• firstly, deciding whether to onboard a candidate pending (and conditional upon) the results of the employment reference, or to hold off on onboarding until the results are received. If the candidate is onboarded and the employment reference is not satisfactory, the Recruiting AI may then need to terminate his/her employment. However, if the onboarding is delayed until a satisfactory employment reference is received, that could mean a delay of one to two months in onboarding, and potentially the loss of the candidate to another role in the meantime; and
  • secondly, how to assess any unsatisfactory information in the employment reference. The Guidelines make clear that this is a matter of discretion for the Recruiting AI. However, if the Recruiting AI decides to proceed with the employment and the candidate engages in further misconduct, the decision to employ the candidate may be considered by a regulator in assessing the Recruiting AI’s approach to recruitment. As explained in the Guidelines, Recruiting AIs should document the reasons for hiring a candidate about whom negative or inconclusive information is received.

For Reference Providing AIs, several challenges will also arise:

  • the Guidelines have left room for interpretation on the level of detail that should be disclosed in the employment reference and the degree of reasonable assessment that should be made by Reference Providing AIs. The Reference Providing AI will need to determine how much information to provide, knowing that any negative information could lead to the candidate not being able to take up new employment; and
  • bearing in mind that the reference period is seven years, Reference Providing AIs will need to think about whether they have sufficient information to respond to requests that go back several years, and in particular in circumstances where an employee may have left employment as part of a mutually agreed separation or by resignation to avoid being terminated. This is an important consideration because Question 8 of the MRC Information Template requires the Reference Providing AI to confirm whether the candidate’s employment would likely have been terminated if they had not resigned or left employment before termination was possible.

Next steps

While most AIs will already have in place internal controls and procedures on employment references, internal investigation, document retention and data protection and confidentiality, AIs should gain a thorough understanding of the Guidelines, with a view to identifying any gaps within their existing systems and making any changes needed to implement Phase 1 in May 2023, in line with the requirements of the Guidelines. In particular, AIs will need to ensure that they have appropriate systems in place for responding to reference requests that they receive.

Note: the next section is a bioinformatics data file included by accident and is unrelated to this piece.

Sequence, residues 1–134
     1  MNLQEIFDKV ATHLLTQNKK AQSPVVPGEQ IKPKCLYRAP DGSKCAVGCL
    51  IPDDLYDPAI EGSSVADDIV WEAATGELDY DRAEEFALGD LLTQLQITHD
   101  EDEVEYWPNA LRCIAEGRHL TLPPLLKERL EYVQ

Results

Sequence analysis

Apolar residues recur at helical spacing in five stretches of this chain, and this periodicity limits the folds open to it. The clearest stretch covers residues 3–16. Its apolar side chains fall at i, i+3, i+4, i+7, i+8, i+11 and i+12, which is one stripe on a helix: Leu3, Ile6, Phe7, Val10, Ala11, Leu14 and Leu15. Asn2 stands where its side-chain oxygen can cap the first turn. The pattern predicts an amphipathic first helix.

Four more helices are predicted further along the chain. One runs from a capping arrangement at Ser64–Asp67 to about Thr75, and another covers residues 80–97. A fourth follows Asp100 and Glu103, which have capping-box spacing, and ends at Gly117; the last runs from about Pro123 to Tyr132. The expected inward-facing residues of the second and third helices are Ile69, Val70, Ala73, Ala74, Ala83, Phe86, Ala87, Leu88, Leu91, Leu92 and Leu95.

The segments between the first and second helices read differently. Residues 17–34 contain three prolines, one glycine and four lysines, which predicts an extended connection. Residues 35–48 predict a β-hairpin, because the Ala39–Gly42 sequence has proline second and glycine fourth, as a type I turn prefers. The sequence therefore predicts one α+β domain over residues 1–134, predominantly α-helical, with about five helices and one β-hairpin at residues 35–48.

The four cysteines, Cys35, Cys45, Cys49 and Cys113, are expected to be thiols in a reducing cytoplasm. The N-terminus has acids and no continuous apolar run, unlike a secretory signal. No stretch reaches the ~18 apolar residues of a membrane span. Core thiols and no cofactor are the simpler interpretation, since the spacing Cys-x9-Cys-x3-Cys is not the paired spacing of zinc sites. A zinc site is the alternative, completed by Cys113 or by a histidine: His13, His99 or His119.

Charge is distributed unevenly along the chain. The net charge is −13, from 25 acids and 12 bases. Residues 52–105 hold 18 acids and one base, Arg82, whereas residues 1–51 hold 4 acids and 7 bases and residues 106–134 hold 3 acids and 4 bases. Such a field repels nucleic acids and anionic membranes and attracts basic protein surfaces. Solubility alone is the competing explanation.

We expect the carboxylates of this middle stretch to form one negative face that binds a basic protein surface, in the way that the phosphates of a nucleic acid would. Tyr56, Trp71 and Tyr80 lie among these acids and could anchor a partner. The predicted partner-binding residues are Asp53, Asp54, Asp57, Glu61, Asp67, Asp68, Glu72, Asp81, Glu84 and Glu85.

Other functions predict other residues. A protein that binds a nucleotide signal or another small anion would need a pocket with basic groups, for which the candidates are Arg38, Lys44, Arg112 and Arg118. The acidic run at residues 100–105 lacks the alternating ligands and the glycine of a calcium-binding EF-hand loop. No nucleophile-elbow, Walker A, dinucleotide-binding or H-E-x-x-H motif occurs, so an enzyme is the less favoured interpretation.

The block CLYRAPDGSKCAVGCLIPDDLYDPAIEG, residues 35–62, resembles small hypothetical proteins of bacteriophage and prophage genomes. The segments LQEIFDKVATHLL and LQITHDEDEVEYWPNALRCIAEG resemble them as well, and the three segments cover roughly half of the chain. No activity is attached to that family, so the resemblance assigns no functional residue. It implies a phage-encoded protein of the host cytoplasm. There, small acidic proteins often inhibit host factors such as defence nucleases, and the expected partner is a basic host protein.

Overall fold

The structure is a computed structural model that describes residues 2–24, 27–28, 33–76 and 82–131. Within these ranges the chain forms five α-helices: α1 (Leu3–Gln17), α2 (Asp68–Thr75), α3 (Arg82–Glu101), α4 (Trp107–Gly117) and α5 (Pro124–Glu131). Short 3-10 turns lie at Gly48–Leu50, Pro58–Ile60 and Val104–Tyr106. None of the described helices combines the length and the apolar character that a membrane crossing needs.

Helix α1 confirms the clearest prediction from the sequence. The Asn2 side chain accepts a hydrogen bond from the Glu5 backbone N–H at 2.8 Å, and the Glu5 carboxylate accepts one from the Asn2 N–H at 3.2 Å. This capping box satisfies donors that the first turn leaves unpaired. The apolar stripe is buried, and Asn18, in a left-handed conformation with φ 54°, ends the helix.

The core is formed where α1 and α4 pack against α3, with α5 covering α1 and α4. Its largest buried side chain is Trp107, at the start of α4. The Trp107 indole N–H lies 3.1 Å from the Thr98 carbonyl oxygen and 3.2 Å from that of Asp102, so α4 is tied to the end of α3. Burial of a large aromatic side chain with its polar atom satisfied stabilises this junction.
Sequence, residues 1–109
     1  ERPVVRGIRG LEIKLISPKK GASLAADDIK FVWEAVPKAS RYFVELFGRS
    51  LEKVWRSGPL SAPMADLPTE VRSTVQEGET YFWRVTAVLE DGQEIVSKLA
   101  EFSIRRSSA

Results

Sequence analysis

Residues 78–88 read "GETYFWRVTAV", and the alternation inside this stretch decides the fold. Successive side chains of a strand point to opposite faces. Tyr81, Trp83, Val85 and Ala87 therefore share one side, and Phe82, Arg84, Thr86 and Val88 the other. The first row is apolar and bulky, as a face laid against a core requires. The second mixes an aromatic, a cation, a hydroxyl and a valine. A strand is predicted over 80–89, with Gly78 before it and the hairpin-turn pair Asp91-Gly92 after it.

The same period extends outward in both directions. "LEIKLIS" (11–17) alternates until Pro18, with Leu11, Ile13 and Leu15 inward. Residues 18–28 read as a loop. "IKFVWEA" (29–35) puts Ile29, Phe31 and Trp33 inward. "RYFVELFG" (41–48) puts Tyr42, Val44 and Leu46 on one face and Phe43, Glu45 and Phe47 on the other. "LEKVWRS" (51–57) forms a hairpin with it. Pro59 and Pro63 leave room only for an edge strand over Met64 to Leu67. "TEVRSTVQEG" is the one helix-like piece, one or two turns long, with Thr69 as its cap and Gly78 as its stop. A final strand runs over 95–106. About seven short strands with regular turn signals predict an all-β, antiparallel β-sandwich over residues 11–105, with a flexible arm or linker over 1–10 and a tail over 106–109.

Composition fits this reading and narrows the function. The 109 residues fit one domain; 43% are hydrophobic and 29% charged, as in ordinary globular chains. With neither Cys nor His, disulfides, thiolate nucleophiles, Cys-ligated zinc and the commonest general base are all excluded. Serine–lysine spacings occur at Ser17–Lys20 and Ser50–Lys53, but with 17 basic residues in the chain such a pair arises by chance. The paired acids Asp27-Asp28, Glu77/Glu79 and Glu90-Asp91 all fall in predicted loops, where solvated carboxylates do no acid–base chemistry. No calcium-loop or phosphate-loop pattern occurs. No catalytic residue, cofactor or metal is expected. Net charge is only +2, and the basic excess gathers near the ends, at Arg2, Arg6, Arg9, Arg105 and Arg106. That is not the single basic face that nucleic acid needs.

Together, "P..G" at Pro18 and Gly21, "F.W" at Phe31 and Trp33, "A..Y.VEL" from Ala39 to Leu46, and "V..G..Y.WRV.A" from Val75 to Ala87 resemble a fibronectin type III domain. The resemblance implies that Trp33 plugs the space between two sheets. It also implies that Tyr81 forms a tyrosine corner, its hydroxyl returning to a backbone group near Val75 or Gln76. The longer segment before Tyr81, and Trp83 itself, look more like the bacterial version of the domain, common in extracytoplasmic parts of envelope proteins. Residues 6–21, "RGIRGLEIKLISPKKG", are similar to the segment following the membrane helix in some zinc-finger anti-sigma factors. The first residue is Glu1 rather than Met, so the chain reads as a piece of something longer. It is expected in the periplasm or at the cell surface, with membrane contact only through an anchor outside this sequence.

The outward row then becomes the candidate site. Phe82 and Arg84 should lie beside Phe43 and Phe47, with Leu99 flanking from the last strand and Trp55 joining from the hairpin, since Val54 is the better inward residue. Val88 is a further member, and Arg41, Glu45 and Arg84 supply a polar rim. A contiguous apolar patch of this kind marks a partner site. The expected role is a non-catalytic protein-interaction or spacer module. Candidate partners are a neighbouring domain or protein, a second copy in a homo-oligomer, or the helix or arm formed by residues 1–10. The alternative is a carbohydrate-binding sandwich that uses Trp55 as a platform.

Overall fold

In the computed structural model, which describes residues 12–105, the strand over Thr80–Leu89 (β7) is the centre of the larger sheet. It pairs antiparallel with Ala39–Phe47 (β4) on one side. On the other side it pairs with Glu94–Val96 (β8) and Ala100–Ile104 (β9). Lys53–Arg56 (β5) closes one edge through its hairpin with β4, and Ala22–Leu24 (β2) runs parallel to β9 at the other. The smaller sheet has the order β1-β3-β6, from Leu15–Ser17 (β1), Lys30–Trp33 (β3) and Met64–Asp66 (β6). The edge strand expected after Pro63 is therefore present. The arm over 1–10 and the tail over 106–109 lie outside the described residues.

Phase 1 will be reviewed after two years (i.e. in around mid-2025), and the approach and arrangements for Phase 2 of the MRC Scheme – which has a much broader coverage than Phase 1 – may be refined before its launch.


1 If the Reference Providing AI opts not to disclose any ongoing internal investigation in the employment reference, it will be under an obligation to provide an update to the Requesting AI (provided that the candidate remains employed by the Requesting AI at the time) if:

the investigation completes within 12 months from the request for the employment reference; and
the investigation concludes that the candidate’s employment with the Reference Providing AI would have been terminated.
If the Reference Providing AI discloses any ongoing internal investigation in the employment, the Requesting AI may request for an update on a quarterly basis for up to 12 months following the employment reference request.

Ben Harris
Ben Harris
Executive Counsel, Sydney
+61 29322 4929
Ellie Cheung
Ellie Cheung
Associate, Hong Kong
+852 2101 4179